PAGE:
# Our mission

The benefits of pure mathematics to the society in whole are threefold. The society benefits from the work of applied mathematicians, from interaction of mathematics with other disciplines, and from developing modern curricula to fit the evolution of the modern science and the language of mathematics.

Since its foundation, the Laboratory strives to attract the best scientific minds working in algebraic geometry, in Russia and abroad. The conferences organized by the Laboratory would serve to disseminate the knowledge (both already obtained and newly created); a rich network of international contacts would help to establish its reputation as a major center of science.

Algebraic geometry is one of the most active fields of mathematics. Originally understood as a study of geometric structures by the means of commutative algebra, now algebraic geometry incorporates the methods of complex analysis (via Hermander's L^2-estimates and Ohsawa-Takegoshi extension theorem), PDE and mathematical physics (due to Donaldson's and Yau's fundamental advances on Hermitian-Einstein and Kaehler-Einstein structures), representation theory and differential geometry (Mumford, Bogomolov, Yau).

The importance of algebraic geometry is hard to overestimate. For the last 50 years, almost 1/3 of Fields medals were awarded for the research in algebraic geometry; algebraic geometry is heavily used in string physics, computer algebra systems and cryptography.

The Soviet school of algebraic geometry, founded by Shafarevich, was one of the most influental and illustrous (Manin, Iskovskikh, Tyurin, Bogomolov, Beilinson, Drinfeld). Since 1990-ies it dispersed through the scientific emigration, and the importance of research originating from Russia diminished. To rectify this situation, High School of Economics has hired Fedor Bogomolov to preside over a newly created Laboratory of Algebraic Geometry, an active research and teaching body of yound mathematicians, working in the mathematical department of HSE.

Department of Mathematics of HSE was created on a rich mathematical foundation, provided by the Independent University of Moscow (IUM). This institution was founded in early 1990-ies by such luminaries as V. I. Arnol'd, S. P. Novikov, A. A. Beilinson and V. A. Vassiliev, together with their Western colleagues - R. MacPherson and P. Deligne from Princeton's Institute of Advanced Studies. Since then, Independent University became a very active and successful reseach and teaching body. Jointly with its sister institution, Moscow Center of Continuous Mathematical Education, IUM revolutionized methods of teaching mathematics, and prepared many brilliant scientists, among them the Fields medalist A. Okun'kov.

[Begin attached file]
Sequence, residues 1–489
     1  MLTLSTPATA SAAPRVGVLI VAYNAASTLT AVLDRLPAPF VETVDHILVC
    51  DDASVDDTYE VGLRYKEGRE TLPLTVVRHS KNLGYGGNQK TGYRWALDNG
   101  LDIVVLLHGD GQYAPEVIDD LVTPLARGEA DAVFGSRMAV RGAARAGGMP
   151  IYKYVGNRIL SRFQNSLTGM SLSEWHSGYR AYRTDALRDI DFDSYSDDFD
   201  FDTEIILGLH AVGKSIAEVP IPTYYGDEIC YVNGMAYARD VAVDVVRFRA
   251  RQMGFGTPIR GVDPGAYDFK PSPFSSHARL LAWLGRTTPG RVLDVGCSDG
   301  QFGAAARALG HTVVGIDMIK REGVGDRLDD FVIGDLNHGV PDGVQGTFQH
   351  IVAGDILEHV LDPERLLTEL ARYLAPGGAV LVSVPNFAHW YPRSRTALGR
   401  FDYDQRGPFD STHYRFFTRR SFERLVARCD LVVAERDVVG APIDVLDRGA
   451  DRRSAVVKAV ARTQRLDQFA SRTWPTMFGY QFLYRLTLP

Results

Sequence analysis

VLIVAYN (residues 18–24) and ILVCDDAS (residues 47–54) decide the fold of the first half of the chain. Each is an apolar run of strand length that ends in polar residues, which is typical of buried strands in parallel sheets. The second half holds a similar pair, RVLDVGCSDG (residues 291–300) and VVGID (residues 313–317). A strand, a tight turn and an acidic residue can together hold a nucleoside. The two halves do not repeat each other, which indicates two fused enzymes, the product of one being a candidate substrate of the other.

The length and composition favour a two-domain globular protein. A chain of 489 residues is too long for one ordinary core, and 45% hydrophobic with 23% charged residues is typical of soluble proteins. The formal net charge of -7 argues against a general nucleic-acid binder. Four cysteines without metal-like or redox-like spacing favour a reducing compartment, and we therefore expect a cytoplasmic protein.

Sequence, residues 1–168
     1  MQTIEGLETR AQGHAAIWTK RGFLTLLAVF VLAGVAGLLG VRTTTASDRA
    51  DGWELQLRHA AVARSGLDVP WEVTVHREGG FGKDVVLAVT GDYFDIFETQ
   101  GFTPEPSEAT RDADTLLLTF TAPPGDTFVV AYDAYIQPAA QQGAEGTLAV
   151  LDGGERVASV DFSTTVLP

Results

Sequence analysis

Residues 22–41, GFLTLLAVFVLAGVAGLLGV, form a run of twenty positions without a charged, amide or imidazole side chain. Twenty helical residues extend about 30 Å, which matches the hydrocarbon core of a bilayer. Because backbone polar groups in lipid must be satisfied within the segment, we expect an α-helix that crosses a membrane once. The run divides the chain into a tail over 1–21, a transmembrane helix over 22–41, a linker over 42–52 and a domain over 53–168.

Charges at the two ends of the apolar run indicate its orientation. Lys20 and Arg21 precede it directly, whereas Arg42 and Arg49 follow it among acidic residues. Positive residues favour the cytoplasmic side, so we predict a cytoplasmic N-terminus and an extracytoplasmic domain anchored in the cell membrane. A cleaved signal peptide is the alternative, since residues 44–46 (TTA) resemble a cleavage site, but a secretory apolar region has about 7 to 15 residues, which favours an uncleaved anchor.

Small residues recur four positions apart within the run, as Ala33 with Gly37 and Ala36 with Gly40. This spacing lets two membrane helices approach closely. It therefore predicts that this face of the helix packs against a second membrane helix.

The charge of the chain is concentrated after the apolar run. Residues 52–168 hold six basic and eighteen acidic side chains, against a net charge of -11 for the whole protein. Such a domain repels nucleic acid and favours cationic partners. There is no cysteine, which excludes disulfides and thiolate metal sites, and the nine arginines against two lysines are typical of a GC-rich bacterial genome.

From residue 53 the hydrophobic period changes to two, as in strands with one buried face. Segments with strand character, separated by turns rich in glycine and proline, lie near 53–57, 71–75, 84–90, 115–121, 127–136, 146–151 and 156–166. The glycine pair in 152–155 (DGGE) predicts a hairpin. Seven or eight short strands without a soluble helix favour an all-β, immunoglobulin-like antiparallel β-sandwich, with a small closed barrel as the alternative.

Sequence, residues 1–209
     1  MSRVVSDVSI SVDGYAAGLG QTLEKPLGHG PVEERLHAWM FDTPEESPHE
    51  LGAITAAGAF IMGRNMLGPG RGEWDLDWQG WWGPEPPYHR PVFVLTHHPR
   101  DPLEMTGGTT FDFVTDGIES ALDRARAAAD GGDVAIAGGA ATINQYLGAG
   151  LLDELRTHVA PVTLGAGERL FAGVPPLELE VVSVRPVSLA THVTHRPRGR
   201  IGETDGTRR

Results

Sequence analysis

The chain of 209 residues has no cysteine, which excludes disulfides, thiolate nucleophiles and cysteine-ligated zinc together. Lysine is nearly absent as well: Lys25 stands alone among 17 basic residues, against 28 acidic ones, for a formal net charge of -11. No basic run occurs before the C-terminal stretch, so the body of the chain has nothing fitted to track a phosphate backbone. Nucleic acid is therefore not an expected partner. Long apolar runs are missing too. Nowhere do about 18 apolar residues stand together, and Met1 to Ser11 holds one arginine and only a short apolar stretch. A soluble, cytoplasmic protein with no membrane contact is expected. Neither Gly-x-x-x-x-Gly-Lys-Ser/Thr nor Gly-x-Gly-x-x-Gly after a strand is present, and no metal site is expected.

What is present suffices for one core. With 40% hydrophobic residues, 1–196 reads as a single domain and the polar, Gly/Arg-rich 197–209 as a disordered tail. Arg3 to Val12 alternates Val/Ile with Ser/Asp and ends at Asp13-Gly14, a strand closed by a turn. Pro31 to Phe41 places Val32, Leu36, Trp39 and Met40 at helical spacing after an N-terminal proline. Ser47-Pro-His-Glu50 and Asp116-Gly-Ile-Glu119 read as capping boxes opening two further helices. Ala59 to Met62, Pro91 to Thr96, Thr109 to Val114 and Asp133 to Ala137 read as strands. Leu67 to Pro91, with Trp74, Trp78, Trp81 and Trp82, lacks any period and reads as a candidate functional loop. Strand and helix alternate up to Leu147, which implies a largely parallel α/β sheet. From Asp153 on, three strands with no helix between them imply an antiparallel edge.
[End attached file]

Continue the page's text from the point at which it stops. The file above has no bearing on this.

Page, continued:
Now these teaching methods are implemented on a more organized basis in the newly created mathematical faculty of HSE. The hospitable setting provided by HSE turned out to be very conductive to both research and teaching, and Department of Mathematics at HSE is growing fast to become one of the finest institutions in the country.

To coordinate the HSE'e effort of attracting the best scientists (both Russian and foreign), a Laboratory of Algebraic Geometry was created, under the leadership of a distinguished scientist from New-York University, Professor Fedor A. Bogomolov, formerly from Steklov Institute of Mathematics.

The mission of the Laboratory of Algebraic Geometry is fivefold. It is

- To attract best scientists working in algebraic geometry, both in Russia and in the West.
- To serve the wide community in disseminating the knowledge, to organize conferences and workshop, eith support of the parent institutions, Mathematical department of HSE and the Independent University.
- To discover and implement the new curriculum, following the demands of the growing science and technology.
- To nurture the creative side of the high school education, through the mathematical schools, summer camps, olympiads and by supporting the Moscow Center of Continuous Mathematical Education.

And the most important mission is (of course) - To research, to stay at the bleeding edge of modern science - as every scientist should.

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